This Batmobile was built by Z Cars in the UK using a 1965 Ford Mustang as the base. It has a fiberglass body, Spaceframe chassis, 4-speed manual transmission and a 380 hp 5.7-liter Chevrolet small block V8.
Interestingly, the original 1989 Batmobile was also built in England, it was based on a Chevrolet Impala chassis with unique bodywork designed by concept illustrator Julian Caldow and built by John Evans with his special effects team at Pinewood Studios .
Quick Facts – A recreation of Tim Burton’s Batmobile
- In 1989, the Tim Burton movie “Batman” was released, and the Batman universe would never be the same. Burton’s art deco vision of Gotham City set the tone, and the jet-powered Batmobile became an overnight sensation.
- The original Batmobile was built at Pinewood Studios in England to a unique design penned by Julian Caldow. The fake jet engine used real Rolls-Royce jet engine components, and turbine blades from the British Harrier jump jet were used for the nose.
- Of all the Batmobiles that followed, the Tim Burton Batmobile is arguably the most famous, and it’s certainly the most influential.
- The Batmobile replica you see here was built in England by the Z Cars team. It’s based on a 1965 Ford Mustang spaceframe and running gear, with a 380-hp 5.7-liter Chevrolet small-block V8 providing the power.
Reinventing the Batmobile
The first Batmobile the world saw existed only in the pages of comic books, it was not until the release of the 1943 serial film Batmanthat the world saw a real Batmobile – it was a black 1939 Cadillac Series 75 convertible.
Later in the 1949 serial film batman and robin the two rode in a 1949 Mercury.
In 1965, work began on what many consider to be the first true Batmobile. It was based on the unique 1955 Lincoln Futura concept car and built by George Barris in just a few weeks.
This would be the car that was used in the 1966 Batman TV series starring Adam West as Bruce Wayne/Batman and Burt Ward as Dick Grayson/Robin.
The humorous, campy style of the 1960s Batman TV series and movie was fundamentally changed when Tim Burton took over the franchise for his 1989 film. Batman. The Burton Batman was much darker and grittier than anything that had come before it, and its take on an art deco Gotham paid homage to the comic book’s original vision for the city.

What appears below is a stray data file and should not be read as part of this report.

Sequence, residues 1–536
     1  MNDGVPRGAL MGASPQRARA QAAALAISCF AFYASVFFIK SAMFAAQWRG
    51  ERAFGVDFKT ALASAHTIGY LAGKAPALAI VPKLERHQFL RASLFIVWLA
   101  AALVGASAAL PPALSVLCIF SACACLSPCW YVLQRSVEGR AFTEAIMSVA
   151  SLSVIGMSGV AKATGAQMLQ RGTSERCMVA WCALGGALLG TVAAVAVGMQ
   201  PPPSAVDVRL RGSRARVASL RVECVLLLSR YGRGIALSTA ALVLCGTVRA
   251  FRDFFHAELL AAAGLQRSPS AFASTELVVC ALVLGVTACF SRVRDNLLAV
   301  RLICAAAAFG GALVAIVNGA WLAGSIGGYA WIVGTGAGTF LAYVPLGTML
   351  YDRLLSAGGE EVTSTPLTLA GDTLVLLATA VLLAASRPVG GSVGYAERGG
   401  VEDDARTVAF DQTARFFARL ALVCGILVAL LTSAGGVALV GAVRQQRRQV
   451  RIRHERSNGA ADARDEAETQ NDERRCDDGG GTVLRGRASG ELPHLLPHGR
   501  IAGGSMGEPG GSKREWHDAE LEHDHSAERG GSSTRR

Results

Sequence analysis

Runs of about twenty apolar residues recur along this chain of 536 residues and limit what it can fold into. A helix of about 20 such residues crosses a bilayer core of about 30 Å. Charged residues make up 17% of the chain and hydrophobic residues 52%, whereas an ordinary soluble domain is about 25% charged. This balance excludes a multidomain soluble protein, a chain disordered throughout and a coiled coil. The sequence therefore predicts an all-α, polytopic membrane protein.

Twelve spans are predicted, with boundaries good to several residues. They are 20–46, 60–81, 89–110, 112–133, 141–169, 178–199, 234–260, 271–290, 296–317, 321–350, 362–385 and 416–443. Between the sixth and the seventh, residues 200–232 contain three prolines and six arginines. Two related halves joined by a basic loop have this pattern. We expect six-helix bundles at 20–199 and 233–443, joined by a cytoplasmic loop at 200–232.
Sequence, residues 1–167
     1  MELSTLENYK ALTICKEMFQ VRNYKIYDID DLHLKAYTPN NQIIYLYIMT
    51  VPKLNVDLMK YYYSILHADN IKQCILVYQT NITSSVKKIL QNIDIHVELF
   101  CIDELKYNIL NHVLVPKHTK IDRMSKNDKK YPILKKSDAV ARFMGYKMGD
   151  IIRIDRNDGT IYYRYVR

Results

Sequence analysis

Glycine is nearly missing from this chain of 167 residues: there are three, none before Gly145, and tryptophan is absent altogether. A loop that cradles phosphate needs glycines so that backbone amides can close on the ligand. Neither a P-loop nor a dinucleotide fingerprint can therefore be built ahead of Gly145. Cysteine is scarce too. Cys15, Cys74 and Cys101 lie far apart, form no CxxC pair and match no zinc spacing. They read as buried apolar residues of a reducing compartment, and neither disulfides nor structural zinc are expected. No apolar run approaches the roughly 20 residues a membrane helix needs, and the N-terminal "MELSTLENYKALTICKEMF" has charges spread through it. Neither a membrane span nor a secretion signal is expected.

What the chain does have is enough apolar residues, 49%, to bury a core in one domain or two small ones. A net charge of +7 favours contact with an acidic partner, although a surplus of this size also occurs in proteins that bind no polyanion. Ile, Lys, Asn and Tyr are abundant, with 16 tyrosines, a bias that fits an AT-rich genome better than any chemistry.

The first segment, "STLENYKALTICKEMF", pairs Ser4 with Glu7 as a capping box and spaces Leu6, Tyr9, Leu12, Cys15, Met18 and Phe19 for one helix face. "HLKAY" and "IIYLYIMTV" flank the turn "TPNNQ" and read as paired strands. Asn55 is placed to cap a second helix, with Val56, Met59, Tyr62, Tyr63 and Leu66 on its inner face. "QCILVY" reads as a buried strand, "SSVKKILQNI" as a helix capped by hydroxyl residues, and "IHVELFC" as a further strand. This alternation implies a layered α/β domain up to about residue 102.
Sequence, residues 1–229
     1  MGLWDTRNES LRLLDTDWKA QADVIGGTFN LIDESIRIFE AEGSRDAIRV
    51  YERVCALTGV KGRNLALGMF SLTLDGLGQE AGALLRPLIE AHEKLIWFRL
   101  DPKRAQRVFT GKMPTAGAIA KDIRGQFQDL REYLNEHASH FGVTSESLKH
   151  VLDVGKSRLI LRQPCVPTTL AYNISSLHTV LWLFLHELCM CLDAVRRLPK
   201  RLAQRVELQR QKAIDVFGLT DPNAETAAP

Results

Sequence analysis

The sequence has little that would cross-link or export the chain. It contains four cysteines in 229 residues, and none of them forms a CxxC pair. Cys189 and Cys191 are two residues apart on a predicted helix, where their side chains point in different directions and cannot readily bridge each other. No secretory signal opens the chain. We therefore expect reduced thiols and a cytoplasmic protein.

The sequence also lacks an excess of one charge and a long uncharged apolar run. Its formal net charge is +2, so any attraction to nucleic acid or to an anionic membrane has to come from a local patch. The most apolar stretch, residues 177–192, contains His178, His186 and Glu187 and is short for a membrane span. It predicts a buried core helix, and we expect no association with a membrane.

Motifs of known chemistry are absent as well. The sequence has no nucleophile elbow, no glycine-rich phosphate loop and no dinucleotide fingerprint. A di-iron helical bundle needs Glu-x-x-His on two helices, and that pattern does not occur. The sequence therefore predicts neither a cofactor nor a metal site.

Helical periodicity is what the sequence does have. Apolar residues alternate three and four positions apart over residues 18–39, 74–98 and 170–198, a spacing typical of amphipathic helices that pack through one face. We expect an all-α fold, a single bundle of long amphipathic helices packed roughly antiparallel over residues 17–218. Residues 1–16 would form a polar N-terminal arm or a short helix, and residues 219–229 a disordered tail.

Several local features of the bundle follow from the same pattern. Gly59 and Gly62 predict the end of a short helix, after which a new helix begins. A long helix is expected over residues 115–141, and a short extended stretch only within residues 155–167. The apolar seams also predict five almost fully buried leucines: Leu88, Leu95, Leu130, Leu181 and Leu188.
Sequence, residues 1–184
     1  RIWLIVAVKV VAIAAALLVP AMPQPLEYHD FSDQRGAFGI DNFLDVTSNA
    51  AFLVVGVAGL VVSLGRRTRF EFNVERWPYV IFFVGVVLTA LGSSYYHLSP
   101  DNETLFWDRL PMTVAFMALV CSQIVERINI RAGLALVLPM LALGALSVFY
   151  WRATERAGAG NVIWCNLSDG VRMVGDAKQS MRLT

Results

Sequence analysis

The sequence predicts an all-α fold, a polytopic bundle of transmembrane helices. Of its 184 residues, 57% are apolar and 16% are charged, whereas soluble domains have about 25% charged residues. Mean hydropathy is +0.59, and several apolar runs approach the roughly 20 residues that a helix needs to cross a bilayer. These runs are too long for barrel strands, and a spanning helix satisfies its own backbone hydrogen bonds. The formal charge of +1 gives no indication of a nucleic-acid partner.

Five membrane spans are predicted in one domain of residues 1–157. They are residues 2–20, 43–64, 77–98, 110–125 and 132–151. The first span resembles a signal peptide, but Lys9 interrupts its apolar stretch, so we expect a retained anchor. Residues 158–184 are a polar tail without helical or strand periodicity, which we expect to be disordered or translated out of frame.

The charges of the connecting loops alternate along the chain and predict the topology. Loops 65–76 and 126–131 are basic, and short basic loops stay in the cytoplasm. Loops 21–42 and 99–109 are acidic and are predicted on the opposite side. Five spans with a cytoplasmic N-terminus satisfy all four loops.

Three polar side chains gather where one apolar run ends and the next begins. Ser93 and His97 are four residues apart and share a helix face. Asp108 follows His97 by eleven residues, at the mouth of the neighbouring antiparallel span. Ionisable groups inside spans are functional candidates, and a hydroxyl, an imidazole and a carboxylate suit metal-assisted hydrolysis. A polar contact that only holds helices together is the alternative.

The Batmobile that was developed for the 1989 film was also a fundamental change in design, it was a long, low and menacing vehicle with a centrally mounted jet engine, two large rear batwings and a passenger compartment. central fighter jet type with room for two under a sliding awning.
Two of these Batmobiles were originally built, one is now on permanent display at the Peterson Automotive Museum in California and the other is owned by Batman producer John Peters living in his Malibu home.
Build your own Batmobile
There are very few people who have seen the 1989 Tim Burton film Batman and left the movies with no desire to immediately own their own Batmobile.
This desire was stronger in some than in others, it was so strong in some that they took to building their own versions – usually using the running gear and engine of an American car, with a chassis to spatial structure and fiberglass bodywork like the original.
Some of these replicas were extremely poorly made, but others seemed indistinguishable from the originals used on screen. Many have been made road legal in various parts of the world and exhibited at shows, much to the delight of attendees.
The Ford Mustang-based Batmobile shown here
The Batmobile replica you see here was built by Z Cars in England, as mentioned above it was built on a 1965 Ford Mustang running gear, with a space frame, fiberglass bodywork laid down by hand, and it’s powered by a small 380-hp 5.7-liter Chevrolet. V8 block.
The stylized jet engine running in the middle of the car is of course not real, however it has a realistic exhaust, as well as a rotating fan blade in front in an effort to make it look as real as possible.
The engine compartment was hot rodded, with flames on the valve covers, a mesh intake screen and tubular steel manifolds.
Although not faithful to the original, the interior has been well detailed, with an array of gauges, switches and levers, and a small yoke-style steering wheel. There is seating for two and the overhead canopy snaps into place when the car is in motion.
Original Batmobiles are rarely auctioned off, and when they do, they can fetch incredible sums. Well-built recreations or replicas like this offer all the glory at a greatly reduced and much more affordable cost – probably a few tens of thousands rather than the millions it would take to get an original.
Until relatively recently this replica of the Batmobile was on display at the London Motor Museum, it is now offered for sale by Bonhams in a live online auction. At the time of this writing, there are still a few days left to bid, you can click here if you want to see the list or register to bid.
Picture above: This is the original trailer for the 1989 film “Batman” by director Tim Burton, you will see the Batmobile featured several times.
Images courtesy of The Market by Bonhams
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